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6 March 2008 Visual adaptation: softcopy image contribution to the observer's field of view
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Purpose Detection of low-contrast details is highly dependent on the adaptation state of the eye. It is important therefore that the average luminance of the observer's field of view (FOV) matches those of softcopy radiological images. This study establishes the percentage of FOV filled by workstations at various viewing distances. Methods Five observers stood at viewing distances of 20, 30 and 50cm from a homogenous white surface and were instructed to continuously focus on a fixed object at a height appropriate level. A dark indicator was held at this object and then moved steadily until the observer could no longer perceive it in his/her peripheral vision. This was performed at 0°, 90°, 180° and 270° clockwise from the median sagittal plane. Distances were recorded, radii calculated and observer and mean FOV areas established. These values were then compared with areas of typical high and low specification workstations. Results Individual and mean FOVs were 7660, 15463 and 30075cm2 at viewing distances of 20, 30 and 50cm respectively. High and low specification monitors with respective areas of 1576.25 and 921.25cm2 contributed between 5 to 21% and 3 to 12% respectively to the total FOV depending on observer distance. Limited inter-observer variances were noted. Conclusions Radiology workstations typically comprise between only 3 and 21% of the observer's FOV. This demonstrates the importance of measuring ambient light levels and surface reflection coefficients in order to maximise adaptation and observer's perception of low contrast detail and minimise eye strain.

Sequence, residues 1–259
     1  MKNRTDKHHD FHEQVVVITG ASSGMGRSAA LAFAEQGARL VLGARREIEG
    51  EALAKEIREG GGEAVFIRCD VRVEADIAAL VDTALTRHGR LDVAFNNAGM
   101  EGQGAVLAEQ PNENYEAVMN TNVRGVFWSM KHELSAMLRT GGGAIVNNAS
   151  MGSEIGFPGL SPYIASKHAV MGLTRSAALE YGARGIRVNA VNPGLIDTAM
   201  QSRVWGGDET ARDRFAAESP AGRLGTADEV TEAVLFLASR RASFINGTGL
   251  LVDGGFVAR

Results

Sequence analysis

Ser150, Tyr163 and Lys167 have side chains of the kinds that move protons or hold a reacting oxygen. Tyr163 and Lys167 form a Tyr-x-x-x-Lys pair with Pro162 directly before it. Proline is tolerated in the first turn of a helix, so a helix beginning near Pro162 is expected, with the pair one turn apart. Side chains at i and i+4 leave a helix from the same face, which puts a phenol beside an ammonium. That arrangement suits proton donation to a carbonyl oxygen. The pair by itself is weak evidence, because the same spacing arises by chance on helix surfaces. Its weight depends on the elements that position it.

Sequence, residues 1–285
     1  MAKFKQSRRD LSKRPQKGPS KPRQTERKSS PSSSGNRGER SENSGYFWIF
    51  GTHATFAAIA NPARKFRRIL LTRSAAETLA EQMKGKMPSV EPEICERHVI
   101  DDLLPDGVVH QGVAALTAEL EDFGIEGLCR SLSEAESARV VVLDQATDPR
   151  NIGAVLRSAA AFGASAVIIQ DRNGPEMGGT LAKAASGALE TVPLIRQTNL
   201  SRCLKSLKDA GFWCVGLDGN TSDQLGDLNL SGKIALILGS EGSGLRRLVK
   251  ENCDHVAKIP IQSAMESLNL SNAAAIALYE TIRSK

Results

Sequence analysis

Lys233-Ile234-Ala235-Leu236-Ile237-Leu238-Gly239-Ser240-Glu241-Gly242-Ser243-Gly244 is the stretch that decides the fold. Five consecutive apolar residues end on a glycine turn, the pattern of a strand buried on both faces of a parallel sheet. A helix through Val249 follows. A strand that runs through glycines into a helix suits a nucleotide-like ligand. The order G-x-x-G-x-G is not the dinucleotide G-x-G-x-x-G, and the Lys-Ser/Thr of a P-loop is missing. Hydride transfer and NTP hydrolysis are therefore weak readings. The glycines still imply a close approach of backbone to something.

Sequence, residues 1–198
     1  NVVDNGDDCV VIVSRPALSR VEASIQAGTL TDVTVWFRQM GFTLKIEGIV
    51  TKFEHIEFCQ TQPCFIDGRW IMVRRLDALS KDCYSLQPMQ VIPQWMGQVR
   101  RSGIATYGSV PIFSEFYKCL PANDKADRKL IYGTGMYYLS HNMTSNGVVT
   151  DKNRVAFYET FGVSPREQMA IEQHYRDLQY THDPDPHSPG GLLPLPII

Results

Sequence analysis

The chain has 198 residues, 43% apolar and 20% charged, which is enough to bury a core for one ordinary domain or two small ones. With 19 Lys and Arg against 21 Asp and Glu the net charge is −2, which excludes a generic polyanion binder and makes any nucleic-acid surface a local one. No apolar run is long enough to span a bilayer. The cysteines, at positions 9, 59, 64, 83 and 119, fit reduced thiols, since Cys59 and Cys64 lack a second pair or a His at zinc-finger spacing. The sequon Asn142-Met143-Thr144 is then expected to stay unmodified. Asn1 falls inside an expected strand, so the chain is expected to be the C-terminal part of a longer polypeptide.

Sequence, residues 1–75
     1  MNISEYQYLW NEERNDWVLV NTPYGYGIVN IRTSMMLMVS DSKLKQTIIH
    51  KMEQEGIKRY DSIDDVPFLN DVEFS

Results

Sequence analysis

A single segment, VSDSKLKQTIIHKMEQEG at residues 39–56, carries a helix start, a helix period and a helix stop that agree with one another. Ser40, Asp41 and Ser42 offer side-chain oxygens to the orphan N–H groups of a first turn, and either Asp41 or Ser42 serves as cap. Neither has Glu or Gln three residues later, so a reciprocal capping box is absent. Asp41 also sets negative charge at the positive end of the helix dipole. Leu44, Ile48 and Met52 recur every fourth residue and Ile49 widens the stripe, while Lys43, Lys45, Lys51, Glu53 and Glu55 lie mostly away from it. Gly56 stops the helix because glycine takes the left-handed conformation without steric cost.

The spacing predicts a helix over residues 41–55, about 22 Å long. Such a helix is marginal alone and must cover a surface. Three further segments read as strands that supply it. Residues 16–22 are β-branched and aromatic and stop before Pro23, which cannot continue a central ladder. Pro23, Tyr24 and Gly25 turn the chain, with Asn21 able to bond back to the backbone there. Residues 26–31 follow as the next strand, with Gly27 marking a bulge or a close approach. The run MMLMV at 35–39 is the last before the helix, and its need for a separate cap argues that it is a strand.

© (2008) COPYRIGHT Society of Photo-Optical Instrumentation Engineers (SPIE). Downloading of the abstract is permitted for personal use only.
R. J. Toomey, K. Curran, C. D'Helft, M. B. Joyce, J. Stowe, J. T. Ryan, M. F. McEntee, D. J. Manning, and P. C. Brennan "Visual adaptation: softcopy image contribution to the observer's field of view", Proc. SPIE 6917, Medical Imaging 2008: Image Perception, Observer Performance, and Technology Assessment, 69170O (6 March 2008);

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